If you are a contractor, freelancer or sole trader, your tax and superannuation obligations are not as straightforward as a typical PAYG employee. With the end of the financial year fast approaching, knowing what to do with your tax return as a self-employed worker is important.
In this article, we’ll outline what you can claim back on tax this financial year.
All self-employed workers must have an Australian Business Number (ABN). There are a few main types of self-employed workers:
If you’re a freelancer, sole trader or independent contractor, your tax works a little differently from the typical PAYG employee whose tax is automatically deducted from their pay by their employer. Instead you’ll need to put aside a portion of your pay as tax so that when it comes to the end of the financial year, you can meet your tax obligations to the Australian Taxation Office (ATO).
Self-employed workers, even if they are a sole trader running their own business, only have to lodge a personal income tax return. In your tax return, you will need to use the section for business items to show any business income and expenses, if this is the case for you.
For more information on tax returns for self-employed workers, visit the ATO website.
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Self-employed workers are entitled to claim most of the usual work-related deductions that employees can to lower their taxable income and subsequently lessen the amount of tax they pay. You must not have been reimbursed for any of these expenses, they must directly relate to earning your income, and you must have a receipt to prove them.
A handy way to keep track of your deductions throughout the year is to use the ATO’s myDeductions phone app, which allows you to upload photos of receipts for deductions you’ll want to claim at tax time.
For travel expenses, you can’t usually claim the cost of driving between your home and your place of work. However, you can claim travel if you visit multiple work sites in a day, for example, which may be the case for contractors and freelancers.
This travel can be via your own car, ride-sharing services like Uber, public transport or aeroplane. Just make sure you have receipts to prove it!
For freelancers and contractors, clothing expenses may include buying occupation-specific or protective clothing, like if you are a trades contractor who needs a hard hat and steel-capped boots.
Also, if you need to clean any of your occupation-specific or protective gear, you can claim this cost as long as you have a record.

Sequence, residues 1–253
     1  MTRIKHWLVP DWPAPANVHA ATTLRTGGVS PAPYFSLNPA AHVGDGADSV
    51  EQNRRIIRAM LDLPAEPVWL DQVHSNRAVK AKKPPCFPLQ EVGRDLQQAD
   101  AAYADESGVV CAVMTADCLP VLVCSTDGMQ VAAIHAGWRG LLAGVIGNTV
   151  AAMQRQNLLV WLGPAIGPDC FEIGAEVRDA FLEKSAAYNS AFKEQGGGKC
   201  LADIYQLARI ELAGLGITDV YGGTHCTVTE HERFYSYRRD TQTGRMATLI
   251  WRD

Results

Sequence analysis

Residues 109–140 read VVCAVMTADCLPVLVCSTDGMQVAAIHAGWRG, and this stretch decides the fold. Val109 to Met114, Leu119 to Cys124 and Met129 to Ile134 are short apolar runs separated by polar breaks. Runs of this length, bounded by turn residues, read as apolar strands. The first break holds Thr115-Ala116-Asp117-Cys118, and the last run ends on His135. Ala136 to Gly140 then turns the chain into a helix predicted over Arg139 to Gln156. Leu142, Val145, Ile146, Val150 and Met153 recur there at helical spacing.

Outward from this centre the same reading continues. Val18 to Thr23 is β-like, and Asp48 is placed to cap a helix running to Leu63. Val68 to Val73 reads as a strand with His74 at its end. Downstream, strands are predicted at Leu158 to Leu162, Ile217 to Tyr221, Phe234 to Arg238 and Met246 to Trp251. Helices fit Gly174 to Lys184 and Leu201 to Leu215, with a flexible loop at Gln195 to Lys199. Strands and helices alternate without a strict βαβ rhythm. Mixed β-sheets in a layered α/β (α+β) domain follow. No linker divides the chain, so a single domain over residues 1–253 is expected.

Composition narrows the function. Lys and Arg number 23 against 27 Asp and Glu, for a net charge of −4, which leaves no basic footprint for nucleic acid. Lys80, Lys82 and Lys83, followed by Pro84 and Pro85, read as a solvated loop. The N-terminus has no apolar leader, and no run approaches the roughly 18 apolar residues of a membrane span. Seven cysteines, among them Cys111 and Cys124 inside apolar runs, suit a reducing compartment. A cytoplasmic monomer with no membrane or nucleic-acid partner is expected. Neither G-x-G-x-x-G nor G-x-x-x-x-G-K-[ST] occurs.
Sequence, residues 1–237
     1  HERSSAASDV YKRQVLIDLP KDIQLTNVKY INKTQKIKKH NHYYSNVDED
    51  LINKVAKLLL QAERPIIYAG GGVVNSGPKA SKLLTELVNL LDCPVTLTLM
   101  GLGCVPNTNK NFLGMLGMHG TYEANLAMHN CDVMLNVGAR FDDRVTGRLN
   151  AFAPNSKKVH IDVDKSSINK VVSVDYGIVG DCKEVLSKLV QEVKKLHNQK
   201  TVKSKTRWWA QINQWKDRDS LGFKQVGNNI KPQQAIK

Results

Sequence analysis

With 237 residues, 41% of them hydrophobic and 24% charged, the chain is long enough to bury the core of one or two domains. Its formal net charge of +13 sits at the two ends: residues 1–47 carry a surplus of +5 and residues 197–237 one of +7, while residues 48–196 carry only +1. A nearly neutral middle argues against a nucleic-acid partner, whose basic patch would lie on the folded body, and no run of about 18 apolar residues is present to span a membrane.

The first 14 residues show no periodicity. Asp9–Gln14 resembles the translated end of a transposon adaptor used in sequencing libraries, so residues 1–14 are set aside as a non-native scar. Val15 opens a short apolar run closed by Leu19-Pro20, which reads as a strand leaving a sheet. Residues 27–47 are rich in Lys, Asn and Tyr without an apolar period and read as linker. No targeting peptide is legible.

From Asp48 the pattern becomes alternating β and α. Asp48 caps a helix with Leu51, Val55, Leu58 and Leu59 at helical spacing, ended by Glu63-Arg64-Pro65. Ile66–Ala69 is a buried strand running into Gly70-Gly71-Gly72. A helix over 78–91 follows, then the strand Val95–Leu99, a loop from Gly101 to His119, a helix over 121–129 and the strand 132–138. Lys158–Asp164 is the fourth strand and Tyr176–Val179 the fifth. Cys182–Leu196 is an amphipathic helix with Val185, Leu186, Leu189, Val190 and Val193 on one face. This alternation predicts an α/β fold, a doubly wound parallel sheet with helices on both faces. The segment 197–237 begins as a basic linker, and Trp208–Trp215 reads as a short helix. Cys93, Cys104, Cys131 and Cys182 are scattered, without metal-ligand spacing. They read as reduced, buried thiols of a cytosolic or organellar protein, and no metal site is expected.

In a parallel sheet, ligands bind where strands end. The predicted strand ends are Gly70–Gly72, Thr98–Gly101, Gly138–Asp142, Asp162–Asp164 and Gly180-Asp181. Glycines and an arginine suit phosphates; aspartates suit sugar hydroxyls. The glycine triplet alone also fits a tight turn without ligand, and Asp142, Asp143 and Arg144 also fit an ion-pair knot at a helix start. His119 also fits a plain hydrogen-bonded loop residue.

This category is important for self-employed workers as many freelancers and independent contractors work from home.
You can claim things like running expenses for electricity and gas, the decline in value of equipment like computers and office furniture, and sometimes even occupancy expenses like rent or mortgage payments if you are considered a business.
There are a few ways to calculate and prove your home office expenses: the shortcut method, the fixed rate method and the actual cost method.
The shortcut method allows you to claim 80 cents for each hour you’ve worked from home, and it covers running expenses like electricity, and your phone and internet. You don’t need to have a dedicated work area to use this method.
The fixed rate method allows you to claim 52 cents per hour of working home, and covers your additional running expenses too. It typically allows you to claim greater deductions because you can claim for expenses like internet, stationery and decline in equipment value on top of the 52 cents per hour. However, you must have a dedicated work area to use this method.
Lastly, the actual cost method means you claim a deduction for the actual cost of working from home, rather than using a flat rate per hour, and covers additional running expenses also. It requires detailed record keeping, but can be beneficial for people with high expenses.
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If you work for yourself and require certain equipment or assets, like power tools, to do so, you may be able to claim the depreciation in value of these expenses on your tax return.
This also includes equipment like a computer that you may use for both work and private purposes. When it comes to your tax return, you can only claim the work portion of the equipment. Again, you need to have receipts for any tools or equipment you want to claim.
Other deductions that self-employed people could claim include:
Other deductions that are not work-related include:
You may have noticed personal super contributions in the above list of other deductions that are not work-related.
Since self-employed workers do not have an employer to make compulsory super contributions on their behalf, self-employed workers must make super contributions themselves if they want to save up super for their retirement.
So, if self-employed workers make personal super contributions, they are able to claim these as deductions on their tax return, meaning this lowers their taxable income.
For more information on claiming deductions for personal super contributions, visit the ATO website.
Even though doing your tax return as a self-employed person can seem daunting, it doesn’t have to be. Speak with a tax agent or accountant if you have further questions about lodging your tax return as a self-employed worker.
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The information in this post is general in nature and should not be considered personal or financial advice. You should always seek professional advice or assistance before making any financial decisions.
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